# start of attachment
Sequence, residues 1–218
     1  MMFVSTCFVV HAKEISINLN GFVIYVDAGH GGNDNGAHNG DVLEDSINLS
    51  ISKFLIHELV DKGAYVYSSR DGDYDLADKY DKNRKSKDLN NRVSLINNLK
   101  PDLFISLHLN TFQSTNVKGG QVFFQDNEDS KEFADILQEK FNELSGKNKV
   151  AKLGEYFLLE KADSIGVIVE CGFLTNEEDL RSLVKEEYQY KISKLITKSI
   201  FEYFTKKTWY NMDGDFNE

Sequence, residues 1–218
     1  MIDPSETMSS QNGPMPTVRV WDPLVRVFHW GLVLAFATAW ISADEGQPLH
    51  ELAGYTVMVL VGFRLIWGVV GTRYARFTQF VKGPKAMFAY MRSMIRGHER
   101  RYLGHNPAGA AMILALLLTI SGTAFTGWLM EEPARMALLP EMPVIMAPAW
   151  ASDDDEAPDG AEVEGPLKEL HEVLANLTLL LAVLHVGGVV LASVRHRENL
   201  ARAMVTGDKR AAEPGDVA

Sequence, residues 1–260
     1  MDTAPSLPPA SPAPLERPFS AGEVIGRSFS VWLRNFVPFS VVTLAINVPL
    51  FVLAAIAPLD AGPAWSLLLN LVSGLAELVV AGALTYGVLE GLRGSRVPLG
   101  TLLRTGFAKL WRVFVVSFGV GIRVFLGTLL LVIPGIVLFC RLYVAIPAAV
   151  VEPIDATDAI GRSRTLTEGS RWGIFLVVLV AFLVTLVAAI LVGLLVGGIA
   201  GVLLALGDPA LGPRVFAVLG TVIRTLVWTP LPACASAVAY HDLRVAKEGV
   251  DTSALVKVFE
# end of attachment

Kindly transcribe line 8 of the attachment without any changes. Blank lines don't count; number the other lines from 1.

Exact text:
     1  MIDPSETMSS QNGPMPTVRV WDPLVRVFHW GLVLAFATAW ISADEGQPLH